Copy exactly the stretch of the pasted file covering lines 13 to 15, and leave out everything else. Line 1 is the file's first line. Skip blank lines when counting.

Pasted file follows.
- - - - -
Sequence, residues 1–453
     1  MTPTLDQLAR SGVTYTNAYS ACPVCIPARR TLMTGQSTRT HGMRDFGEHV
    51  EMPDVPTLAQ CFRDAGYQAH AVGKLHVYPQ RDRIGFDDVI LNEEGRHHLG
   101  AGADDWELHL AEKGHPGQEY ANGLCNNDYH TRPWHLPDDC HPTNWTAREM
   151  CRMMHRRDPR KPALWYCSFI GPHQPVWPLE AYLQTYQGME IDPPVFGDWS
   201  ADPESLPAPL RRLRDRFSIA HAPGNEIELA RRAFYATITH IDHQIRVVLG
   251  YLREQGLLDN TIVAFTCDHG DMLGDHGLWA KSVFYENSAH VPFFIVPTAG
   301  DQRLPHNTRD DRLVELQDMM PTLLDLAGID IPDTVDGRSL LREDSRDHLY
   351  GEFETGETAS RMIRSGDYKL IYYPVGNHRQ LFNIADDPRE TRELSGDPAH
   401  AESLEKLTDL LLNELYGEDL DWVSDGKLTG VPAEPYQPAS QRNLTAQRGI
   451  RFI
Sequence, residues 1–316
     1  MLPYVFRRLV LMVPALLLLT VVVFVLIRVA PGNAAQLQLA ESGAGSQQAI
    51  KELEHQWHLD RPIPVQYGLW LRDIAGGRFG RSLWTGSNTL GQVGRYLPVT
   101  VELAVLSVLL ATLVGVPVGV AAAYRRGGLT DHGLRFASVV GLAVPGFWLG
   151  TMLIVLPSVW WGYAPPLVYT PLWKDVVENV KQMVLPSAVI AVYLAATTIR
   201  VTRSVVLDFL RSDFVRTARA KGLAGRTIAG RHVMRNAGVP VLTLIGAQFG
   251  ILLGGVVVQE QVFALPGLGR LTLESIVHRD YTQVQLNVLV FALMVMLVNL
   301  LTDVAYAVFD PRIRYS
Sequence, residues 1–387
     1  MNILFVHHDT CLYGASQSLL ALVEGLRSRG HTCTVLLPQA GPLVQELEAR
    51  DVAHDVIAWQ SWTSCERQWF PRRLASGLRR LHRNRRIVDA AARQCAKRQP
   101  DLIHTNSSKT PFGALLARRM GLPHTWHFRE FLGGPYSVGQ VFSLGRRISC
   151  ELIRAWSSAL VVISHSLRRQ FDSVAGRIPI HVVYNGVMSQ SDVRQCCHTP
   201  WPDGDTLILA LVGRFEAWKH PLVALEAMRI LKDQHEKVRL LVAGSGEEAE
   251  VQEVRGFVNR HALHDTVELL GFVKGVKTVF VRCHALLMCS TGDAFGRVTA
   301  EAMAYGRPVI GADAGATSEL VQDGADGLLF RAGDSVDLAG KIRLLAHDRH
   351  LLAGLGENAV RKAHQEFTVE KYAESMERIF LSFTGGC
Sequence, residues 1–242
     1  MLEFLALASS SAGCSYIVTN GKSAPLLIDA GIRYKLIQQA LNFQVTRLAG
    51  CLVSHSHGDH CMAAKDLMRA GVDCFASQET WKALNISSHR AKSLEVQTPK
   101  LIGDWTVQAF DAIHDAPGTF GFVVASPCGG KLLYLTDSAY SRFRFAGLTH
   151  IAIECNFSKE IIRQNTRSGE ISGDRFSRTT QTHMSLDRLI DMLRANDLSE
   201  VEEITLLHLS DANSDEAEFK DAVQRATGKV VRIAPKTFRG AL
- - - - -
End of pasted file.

     1  MLPYVFRRLV LMVPALLLLT VVVFVLIRVA PGNAAQLQLA ESGAGSQQAI
    51  KELEHQWHLD RPIPVQYGLW LRDIAGGRFG RSLWTGSNTL GQVGRYLPVT
   101  VELAVLSVLL ATLVGVPVGV AAAYRRGGLT DHGLRFASVV GLAVPGFWLG